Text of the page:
The crab was better. It was shredded in a salad that was topped with tasty crispy yam sticks. But I just couldn’t do the crab claw that tottered over the whole thing. I snuck that onto P.’s plate. I managed it just before she came by again. “Ate it all this time!” I nodded. As she walked off, P. whispered “you lied! You’re in trouble again!”
The liver? Well, I’d have a few glasses of wine by then. I just didn’t think about the fact that it was liver. It’s probably not something that I would seek out again, although I’m not saying it didn’t taste good. The main course was squab. P. leaned over: “that’s pigeon.” No! Yes. Just add that to the list of things I wasn’t really planning to try ever in my life.
Although the food was extravagant, the centerpiece of the night was definitely the wines. Six wines were served, the first five of which were “free-flowing”. This means that when you half-emptied your glass, a server was instantly there to refill it. I had close to ten glasses of wine without even trying. Which made it difficult to fully appreciate the 1916 Madiera we were served at the end of the meal.
We also had a sorbet course just before the entre, that was, if you can possibly believe it: douglas fir. We got little douglas fir sprigs on our napkins. Every time we left the table, which was more often than you might think — the meal did last close to five hours and we were drinking a lot of wine and had to go see the pig — someone rushed to the table and replaced the napkins.
At one point during the tea and coffee course (a palate cleanser between dessert courses, I imagine), I got the hiccups. Damn wine. Just picture it: elegant surroundings, people dressed in finery around me, expensive wine, and I’m hiccuping. I could not stop. I tried holding my breath and drinking water. P. tried scaring me. He laughed. And laughed some more. Finally, we walked outside to see if the cold air would shock the hiccups out of me. (Our napkins were instantly replaced with fresh, crisp ones.) The hiccups remained.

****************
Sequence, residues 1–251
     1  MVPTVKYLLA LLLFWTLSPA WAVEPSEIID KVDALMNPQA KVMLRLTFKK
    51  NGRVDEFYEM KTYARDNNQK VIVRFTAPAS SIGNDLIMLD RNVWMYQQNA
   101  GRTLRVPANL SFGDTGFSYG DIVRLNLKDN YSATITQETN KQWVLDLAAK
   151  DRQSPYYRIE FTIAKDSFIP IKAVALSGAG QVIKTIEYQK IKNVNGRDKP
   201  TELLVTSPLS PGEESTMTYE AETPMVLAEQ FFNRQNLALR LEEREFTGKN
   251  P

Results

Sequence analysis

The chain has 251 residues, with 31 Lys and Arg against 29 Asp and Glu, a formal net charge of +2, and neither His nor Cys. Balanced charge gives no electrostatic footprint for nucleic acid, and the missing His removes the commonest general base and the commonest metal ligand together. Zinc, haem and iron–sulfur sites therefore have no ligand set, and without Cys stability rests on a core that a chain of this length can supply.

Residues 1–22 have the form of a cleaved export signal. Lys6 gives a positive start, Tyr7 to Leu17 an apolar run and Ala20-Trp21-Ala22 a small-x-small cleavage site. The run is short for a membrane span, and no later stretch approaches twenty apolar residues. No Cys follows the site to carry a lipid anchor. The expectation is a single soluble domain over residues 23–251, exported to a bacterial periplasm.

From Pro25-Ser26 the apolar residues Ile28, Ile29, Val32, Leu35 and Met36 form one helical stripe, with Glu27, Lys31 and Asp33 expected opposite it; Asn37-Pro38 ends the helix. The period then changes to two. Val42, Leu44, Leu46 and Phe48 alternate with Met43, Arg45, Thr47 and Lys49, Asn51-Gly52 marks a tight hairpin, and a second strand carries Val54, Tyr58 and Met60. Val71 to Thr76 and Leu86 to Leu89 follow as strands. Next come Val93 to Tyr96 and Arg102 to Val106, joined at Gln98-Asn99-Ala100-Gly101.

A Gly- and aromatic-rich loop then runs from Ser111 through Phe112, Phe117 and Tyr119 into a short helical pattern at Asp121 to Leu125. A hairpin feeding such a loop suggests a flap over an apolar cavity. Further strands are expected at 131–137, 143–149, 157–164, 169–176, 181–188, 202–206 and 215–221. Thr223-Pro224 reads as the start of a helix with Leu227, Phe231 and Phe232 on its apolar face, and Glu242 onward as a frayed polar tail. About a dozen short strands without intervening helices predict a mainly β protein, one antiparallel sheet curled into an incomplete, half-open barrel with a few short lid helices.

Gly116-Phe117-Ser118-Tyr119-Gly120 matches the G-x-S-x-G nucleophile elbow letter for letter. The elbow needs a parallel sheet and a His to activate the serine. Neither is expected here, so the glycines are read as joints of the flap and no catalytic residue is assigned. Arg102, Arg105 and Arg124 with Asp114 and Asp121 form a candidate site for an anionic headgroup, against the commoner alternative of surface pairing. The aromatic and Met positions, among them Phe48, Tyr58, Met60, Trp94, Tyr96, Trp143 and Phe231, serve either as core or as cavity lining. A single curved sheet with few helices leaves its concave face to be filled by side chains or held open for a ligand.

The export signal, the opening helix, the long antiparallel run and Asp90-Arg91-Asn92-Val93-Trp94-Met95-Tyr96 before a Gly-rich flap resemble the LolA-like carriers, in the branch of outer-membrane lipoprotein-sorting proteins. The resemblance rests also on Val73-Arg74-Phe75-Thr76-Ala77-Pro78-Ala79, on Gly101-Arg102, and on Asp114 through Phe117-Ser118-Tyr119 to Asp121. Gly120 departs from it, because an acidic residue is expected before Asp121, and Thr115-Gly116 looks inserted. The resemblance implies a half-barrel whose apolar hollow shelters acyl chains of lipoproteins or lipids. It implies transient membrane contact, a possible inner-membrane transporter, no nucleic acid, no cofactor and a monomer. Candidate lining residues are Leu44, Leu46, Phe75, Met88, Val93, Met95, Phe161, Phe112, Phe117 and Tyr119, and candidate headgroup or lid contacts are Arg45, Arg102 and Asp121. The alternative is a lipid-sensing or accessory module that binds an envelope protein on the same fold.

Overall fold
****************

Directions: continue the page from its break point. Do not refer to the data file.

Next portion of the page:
We bought a cookbook written by the chef. He autographed it for us and brought it by our table. I tried to subdue my hiccups. “The dinner was fantastic! (hic)” Classy.
As the evening ended, I realized just how much wine had free-flowed its way into my glass. Fortunately, we had a room at the lodge across the parking lot. The walk seemed very long. I was wearing teeteringly high heels because the skirt I had on trails behind me about six inches otherwise. As soon as we crossed into the hotel lobby, I snatched them off and hoped I wouldn’t trip as we walked down the hall. We were interupted by a basset hound who flopped over onto his back in front of us. His tummy needed rubbing and it needed it now. The next morning, we saw him curled up on his doggy bed, sleeping, covered in a warm blanket.
Our bed was the most comfortable I have ever slept in. Of course, I’d had close to ten glasses of wine, so it’s possible my judgement was impaired. P. was thinking more clearly than I was, because he grabbed two bottles of water and put them beside the bed. I still had a headache in the morning. P. made fun of me. Where was his headache? After a bunch of coffee, I was feeling better. Although I didn’t want to leave the room with the warm bed and the fireplace and the heated towel rack.
Wine and ghosts. It’s not a bad way to spend a weekend.